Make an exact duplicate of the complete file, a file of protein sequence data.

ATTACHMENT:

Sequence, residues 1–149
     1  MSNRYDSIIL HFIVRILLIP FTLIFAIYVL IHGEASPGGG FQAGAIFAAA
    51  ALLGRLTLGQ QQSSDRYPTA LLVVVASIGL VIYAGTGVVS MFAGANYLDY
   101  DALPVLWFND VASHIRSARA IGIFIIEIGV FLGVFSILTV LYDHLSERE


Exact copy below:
Sequence, residues 1–149
     1  MSNRYDSIIL HFIVRILLIP FTLIFAIYVL IHGEASPGGG FQAGAIFAAA
    51  ALLGRLTLGQ QQSSDRYPTA LLVVVASIGL VIYAGTGVVS MFAGANYLDY
   101  DALPVLWFND VASHIRSARA IGIFIIEIGV FLGVFSILTV LYDHLSERE